Sunday, December 8, 2019

A Dark Age for Priests: Bishops as Judge, Jury, Executioner

                                By Ryan A. MacDonald

As a national spotlight is on New Hampshire's First in the Nation Presidential Primary, Bishop Peter Libasci chose this moment to deny the civil rights of his priests.   

In August, 2019, Bishop Peter Libasci of the Diocese of Manchester, New Hampshire, published a list of the names of priests "credibly" accused in that state over the past fifty years.  The bishop cited "transparency" as his reason.

The list contains the names of 73 accused priests. More than half are deceased.  Only five of the 73 ever had a case for prosecution before any New Hampshire court.  All of the claims alleged abuse from three to five decades ago.  All were brought with financial demands resulting in secret settlements from the Diocese.

Bishop Peter Libasci's published list was generated by a one-sided grand jury investigation of the Diocese launched in 2002.  That investigation treated all claims in civil lawsuits and other demands for settlement as "credible" with no standard of evidence.

Bishop Libasci's press release also revealed that the claims against all 73 priests were determined to be "credible."  This is a standard that the United States bishops adopted at their Dallas meeting in 2002.  "Credible," as the bishops are applying it, means only "possible."  If it could have happened, it's credible.  A 2003 grand jury investigation report that a previous Bishop of Manchester agreed to publish was the source for the list.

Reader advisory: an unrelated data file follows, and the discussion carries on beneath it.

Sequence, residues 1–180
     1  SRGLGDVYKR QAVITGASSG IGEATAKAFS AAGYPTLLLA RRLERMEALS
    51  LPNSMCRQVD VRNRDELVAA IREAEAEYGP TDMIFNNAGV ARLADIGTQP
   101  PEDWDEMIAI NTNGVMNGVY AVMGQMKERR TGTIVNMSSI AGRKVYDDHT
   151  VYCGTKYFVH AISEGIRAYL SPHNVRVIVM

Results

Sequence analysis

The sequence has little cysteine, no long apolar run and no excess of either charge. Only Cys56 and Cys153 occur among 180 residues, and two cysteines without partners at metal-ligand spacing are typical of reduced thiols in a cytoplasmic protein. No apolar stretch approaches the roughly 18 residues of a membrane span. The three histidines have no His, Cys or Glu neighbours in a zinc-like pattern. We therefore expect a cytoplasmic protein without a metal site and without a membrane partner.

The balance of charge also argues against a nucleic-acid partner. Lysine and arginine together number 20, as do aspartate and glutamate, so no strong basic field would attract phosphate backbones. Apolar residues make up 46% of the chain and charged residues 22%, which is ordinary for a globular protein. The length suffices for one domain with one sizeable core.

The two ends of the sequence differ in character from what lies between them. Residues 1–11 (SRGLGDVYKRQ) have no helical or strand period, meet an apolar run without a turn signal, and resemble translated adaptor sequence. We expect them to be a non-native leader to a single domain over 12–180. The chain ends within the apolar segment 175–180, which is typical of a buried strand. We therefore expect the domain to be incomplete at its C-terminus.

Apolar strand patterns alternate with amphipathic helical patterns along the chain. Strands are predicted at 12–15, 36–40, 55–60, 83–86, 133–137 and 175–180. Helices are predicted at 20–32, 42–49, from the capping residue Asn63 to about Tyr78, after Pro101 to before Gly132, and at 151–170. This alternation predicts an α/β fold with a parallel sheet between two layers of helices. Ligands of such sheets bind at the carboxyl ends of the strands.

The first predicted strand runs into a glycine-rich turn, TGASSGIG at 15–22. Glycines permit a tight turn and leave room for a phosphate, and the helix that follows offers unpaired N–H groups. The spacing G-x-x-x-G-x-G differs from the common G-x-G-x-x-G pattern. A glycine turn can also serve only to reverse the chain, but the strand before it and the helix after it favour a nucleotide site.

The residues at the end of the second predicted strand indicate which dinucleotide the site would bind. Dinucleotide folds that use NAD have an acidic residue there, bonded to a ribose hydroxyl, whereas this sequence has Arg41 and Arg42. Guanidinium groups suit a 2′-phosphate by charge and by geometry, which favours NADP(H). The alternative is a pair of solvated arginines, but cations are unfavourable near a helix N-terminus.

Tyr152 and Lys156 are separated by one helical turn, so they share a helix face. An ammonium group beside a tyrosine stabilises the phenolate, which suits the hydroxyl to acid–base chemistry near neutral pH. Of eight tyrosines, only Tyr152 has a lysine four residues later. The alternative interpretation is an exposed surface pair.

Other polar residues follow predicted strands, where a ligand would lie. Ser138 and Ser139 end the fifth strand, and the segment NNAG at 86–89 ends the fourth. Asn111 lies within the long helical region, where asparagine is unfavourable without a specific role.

My article cited above was followed by a related article by Fr. Gordon MacRae, a priest of the Manchester Diocese whose name appears on his bishop's list.  The list was published by a diocese whose previous bishop told others in secret that "I firmly believe Father MacRae is innocent and should not be in prison." 

Father MacRae's article is "A Grand Jury, St. Paul's School, and the Diocese of Manchester."
From reports I have seen generated by These Stone Walls, the article was heavily read around the world, most notably in Washington D.C., at the Holy See, and throughout Rome.  In New Hampshire, it was the most-read article of the year at These Stone Walls.

My article, "In the Diocese of Manchester; Transparency and a Hit List," focused on injustices behind the scenes in a decision of the Bishop and Diocese to publish that list anew.  Father MacRae's remarkable sequel brought to light a judge's ruling that publishing these grand jury reports - and by extension the Bishop's list of names - is barred under New Hampshire law.